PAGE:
Thursday 2 April 2015

Cancer Part #1

Cancer is a term used for diseases in which abnormal cells divide without control and are able to invade other tissues. Cancer cells can spread to other parts of the body through the blood and lymph systems. There are over 100 different types of cancer. Most cancers are named for the organ or type of cell in which they start - for example, cancer that begins in the colon is called colon cancer.


Cancer can be classified into five (5) main categories. They include:

· Carcinoma - cancer by which cells covers internal and external parts of the body such as lung, breast and colon cancer.
· Sarcoma - cancer that begins in bone, cartilage, fat, muscle, blood vessels, or other connective or supportive tissue.
· Leukemia - cancer that starts in blood-forming tissue such as the bone marrow and causes large numbers of abnormal blood cells to be produced and enter the blood.
· Lymphoma - cancers that begin in the lymph nodes and immune system tissues.
· Central nervous system cancers - cancers that begin in the tissues of the brain and spinal cord.

Cancer is ultimately the result of cells that uncontrollably grow and do not die. Each cancer is thought to first start from one abnormal cell. What seems to happen is that certain vital genes which control how cells divide and multiply are damaged or altered. This makes the cell abnormal. If the abnormal cell survives it may multiply out of control into a malignant (harmful) tumour.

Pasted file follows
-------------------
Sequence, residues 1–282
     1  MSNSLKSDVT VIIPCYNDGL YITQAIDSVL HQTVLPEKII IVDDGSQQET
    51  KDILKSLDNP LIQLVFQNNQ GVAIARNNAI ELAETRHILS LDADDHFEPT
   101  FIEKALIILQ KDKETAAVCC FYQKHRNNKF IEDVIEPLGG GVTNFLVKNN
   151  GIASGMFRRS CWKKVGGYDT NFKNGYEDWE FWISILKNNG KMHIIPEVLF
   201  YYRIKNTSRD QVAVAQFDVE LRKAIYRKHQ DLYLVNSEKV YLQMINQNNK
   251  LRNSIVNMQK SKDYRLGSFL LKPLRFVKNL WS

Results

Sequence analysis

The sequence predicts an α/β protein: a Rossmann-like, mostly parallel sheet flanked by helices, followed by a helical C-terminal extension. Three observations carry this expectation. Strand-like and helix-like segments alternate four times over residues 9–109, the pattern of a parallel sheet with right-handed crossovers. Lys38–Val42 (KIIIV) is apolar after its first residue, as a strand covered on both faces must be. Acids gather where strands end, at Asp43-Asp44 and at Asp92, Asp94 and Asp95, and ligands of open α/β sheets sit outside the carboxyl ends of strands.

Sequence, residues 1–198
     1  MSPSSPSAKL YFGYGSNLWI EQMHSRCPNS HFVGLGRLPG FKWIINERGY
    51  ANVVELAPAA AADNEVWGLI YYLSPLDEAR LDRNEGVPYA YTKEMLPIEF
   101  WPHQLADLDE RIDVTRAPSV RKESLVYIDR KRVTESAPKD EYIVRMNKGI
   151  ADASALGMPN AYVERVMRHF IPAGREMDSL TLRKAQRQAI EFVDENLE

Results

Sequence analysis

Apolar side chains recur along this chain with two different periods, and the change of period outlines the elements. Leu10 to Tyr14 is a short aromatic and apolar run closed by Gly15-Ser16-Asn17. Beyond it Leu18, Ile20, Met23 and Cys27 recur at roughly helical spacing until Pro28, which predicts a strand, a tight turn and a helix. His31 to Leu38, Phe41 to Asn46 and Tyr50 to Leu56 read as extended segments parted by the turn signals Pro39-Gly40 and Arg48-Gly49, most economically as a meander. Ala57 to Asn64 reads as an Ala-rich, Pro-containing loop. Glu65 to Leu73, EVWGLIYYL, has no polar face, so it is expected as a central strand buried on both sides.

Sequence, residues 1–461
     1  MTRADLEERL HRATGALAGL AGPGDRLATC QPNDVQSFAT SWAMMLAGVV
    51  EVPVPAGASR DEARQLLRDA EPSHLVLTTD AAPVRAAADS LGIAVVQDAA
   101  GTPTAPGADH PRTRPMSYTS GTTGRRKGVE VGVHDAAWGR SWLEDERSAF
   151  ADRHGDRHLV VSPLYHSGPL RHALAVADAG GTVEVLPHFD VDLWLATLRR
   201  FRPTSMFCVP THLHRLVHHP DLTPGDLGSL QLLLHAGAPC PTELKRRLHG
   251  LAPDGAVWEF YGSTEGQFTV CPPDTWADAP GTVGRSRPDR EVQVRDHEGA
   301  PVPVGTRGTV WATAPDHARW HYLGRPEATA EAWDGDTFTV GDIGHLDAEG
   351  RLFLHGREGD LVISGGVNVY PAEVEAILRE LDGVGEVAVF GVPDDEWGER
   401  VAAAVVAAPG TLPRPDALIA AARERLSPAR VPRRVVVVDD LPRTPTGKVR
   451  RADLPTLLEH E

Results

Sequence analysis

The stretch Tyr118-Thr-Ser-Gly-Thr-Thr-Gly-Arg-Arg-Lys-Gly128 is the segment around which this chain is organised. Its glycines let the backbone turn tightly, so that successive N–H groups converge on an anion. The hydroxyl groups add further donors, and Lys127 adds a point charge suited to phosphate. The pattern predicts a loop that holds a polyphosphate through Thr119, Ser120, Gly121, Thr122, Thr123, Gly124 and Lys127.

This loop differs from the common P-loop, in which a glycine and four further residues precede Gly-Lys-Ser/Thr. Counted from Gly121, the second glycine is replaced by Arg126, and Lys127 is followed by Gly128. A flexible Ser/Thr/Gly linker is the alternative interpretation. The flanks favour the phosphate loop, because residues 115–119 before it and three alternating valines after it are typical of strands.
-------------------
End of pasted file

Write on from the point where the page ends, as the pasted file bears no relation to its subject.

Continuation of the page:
Some signs and symptoms of cancer includes:
  • Fatigue
  • Skin changes
  • Lump or area of thickening that can be felt under the skin
  • Weight loss
  • Indigestion or difficulty swallowing
  • Changes in bowel habits and bladder functions
  • Hoarseness
  • Persistent cough
  • Sores that do not heal
  • Unusual bleeding
  • Pain in the bones, muscles and other parts of the body

Early detection of cancer can greatly improve the odds of successful treatment and survival. Physicians use information from symptoms and several other procedures to diagnose cancer. Imaging techniques such as X-rays, CT(computed tomography ) scans, MRI (Magnetic Resonance Imaging) scans, PET(positron emission tomography) scans, and ultrasound scans are used regularly in order to detect where a tumour is located and what organs may be affected by it. Doctors may also conduct an endoscopy, which is a procedure that uses a thin tube with a camera and light at one end, to look for abnormalities inside the body. A cancer diagnosis is nearly always made by an expert looking at cell or tissue samples under a microscope. In some cases, lab tests of the cells’ proteins, DNA can help tell doctors if cancer is present. These tests can also help in choosing the best treatment options. Tests of cells and tissues can find many other kinds of diseases, too. For example, if doctors are not sure a lump is cancer, they may have the sample tested for cancer and for infections or other problems that can cause growths that may look like cancer. Extracting cancer cells and looking at them under a microscope is the only absolute way to diagnose cancer. This procedure is called a biopsy.

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